Post-lockdown creativity: 72andSunny charts a ‘fantastic voyage’ for Adobe Photoshop

Adobe is pushing the boat out in its first big TV campaign for Photoshop in the UK, created by 72&2andSunny LA. There’s what sounds like a big media budget too with ads on The Great British Bake Off and Gogglebox among others.

‘Fantastic Voyage’ invites us to remake our daily surroundings using Photoshop (helps if you have a somewhat stunning Photoshopper – but no mask, tut, tut.)

Adobe Europe’s Simon Morris says: “Creativity can affect the way we see the world, expand our capabilities and bring us together even in the most challenging of times. The power of the imagination is very much the theme of our biggest ever advertising campaign for Photoshop in the UK. From a train journey to a ‘fantastic voyage’, with the magic of Photoshop there are no limits placed on how the world can be reimagined and stories can be told.”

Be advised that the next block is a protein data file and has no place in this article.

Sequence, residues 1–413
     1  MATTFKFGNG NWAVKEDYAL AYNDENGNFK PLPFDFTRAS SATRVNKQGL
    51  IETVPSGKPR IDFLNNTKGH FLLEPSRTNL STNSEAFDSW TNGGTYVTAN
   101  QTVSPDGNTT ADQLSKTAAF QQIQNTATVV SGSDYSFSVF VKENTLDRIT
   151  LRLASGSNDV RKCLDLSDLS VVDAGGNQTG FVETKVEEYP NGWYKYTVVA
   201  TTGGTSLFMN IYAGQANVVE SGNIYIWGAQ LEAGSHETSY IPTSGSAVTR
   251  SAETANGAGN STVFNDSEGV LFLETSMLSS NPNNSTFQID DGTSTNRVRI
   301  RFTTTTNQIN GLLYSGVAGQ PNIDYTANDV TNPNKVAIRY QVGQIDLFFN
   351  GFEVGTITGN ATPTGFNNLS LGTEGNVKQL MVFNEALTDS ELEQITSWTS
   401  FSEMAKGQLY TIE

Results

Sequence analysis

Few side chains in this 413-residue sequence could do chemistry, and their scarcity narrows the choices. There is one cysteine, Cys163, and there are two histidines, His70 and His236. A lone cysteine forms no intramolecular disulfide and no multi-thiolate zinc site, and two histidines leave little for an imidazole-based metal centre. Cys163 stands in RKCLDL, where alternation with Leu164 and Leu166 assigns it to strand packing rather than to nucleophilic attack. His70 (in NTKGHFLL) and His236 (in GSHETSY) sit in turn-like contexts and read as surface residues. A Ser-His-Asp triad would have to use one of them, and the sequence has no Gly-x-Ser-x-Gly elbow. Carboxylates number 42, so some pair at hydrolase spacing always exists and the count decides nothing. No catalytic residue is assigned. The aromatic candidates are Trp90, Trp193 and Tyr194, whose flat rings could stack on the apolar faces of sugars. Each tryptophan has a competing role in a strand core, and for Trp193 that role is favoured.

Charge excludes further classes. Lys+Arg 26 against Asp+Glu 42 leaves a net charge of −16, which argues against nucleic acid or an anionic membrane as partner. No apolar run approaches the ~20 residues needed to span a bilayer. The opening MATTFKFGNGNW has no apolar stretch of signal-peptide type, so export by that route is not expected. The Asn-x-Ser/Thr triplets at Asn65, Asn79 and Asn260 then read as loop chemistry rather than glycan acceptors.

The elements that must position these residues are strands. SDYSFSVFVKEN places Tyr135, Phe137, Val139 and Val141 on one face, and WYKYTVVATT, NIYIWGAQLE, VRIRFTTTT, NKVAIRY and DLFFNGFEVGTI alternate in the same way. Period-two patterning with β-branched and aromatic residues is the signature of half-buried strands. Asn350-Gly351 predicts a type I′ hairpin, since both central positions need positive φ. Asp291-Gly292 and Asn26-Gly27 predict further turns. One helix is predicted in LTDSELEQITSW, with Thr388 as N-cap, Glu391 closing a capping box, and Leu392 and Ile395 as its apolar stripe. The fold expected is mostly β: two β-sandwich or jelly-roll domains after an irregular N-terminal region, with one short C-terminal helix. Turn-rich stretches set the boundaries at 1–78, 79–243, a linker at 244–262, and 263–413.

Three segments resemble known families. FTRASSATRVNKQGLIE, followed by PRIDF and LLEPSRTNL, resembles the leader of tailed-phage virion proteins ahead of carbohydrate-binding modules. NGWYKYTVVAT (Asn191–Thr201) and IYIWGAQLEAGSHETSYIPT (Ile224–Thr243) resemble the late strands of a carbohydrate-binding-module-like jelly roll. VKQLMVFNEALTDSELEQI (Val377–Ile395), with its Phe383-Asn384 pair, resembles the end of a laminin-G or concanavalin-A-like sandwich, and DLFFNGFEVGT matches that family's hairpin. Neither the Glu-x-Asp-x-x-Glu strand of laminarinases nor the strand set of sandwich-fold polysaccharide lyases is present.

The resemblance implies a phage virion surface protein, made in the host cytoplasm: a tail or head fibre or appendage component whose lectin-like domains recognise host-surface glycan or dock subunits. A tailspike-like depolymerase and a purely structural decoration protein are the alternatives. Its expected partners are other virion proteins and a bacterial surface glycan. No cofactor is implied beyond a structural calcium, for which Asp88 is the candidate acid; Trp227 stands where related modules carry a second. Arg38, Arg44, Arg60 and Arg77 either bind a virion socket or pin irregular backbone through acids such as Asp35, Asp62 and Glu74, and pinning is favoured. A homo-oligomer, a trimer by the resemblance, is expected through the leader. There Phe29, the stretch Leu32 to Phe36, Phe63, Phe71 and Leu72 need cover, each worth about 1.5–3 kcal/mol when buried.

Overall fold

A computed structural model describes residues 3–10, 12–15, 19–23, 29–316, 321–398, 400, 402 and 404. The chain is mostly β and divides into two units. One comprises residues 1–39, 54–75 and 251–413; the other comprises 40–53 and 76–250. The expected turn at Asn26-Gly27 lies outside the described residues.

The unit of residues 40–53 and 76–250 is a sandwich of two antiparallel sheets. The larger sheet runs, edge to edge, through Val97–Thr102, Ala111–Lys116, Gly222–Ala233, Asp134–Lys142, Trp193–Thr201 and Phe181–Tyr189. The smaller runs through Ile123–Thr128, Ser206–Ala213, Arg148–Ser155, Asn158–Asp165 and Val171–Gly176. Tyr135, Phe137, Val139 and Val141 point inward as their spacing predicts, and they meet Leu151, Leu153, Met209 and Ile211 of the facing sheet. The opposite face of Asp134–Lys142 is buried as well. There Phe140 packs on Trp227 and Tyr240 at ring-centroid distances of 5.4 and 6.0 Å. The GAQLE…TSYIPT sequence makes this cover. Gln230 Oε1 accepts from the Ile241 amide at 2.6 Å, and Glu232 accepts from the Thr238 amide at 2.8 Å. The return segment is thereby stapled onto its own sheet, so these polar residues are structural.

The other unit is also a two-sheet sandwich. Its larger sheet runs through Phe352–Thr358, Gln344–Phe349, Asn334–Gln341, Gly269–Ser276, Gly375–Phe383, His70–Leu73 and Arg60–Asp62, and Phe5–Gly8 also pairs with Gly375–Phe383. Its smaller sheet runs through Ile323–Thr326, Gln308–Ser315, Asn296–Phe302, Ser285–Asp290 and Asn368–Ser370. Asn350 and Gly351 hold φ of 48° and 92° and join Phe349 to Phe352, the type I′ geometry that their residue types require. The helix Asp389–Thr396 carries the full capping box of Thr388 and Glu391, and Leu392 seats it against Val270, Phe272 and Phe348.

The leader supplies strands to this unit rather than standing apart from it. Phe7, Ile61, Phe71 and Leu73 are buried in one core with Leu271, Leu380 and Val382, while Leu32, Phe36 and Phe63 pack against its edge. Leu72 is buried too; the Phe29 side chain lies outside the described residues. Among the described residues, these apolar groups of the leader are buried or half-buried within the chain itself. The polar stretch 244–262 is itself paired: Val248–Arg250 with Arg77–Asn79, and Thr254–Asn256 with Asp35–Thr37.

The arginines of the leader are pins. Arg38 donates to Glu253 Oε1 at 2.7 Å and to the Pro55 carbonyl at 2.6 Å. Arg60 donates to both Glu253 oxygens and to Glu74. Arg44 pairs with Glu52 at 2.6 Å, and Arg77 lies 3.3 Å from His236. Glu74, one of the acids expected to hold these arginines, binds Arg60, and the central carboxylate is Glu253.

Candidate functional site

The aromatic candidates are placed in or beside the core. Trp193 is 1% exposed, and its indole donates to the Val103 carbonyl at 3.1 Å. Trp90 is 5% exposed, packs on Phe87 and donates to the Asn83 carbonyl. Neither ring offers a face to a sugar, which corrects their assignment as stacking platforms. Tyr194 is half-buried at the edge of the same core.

72andSunny creative director Lauren Smith says: “While we started the campaign before COVID-19, we entered into production right as the pandemic started to hit the United States. In an interesting twist of fate, we had to use the power of imagination not only in our film but also in the way we made it.

“From remote production night shoots in Prague to a video village in Los Angeles to countless remote post-production calls across oceans and time zones and remote editing/mixing/colouring, we figured out ways to work that we previously wouldn’t have imagined possible. The result is a stunning ode to the places our imagination can take us, even when the world puts constraints and limitations on us.”

There you go, it can be done. Many ads you these days are under-nourished apologies but there are a small number of stand-outs, of which this is one. David Golding’s “content and culture” dichotomy coming to pass?

Maybe other advertisers will take advantage of cheaper post-Covid airtime to spruce up their creative credentials.

MAA creative scale: 9.

One Comment

  1. There is nothing creative about this spot. They stole the concept from the artist Subway Doodle.

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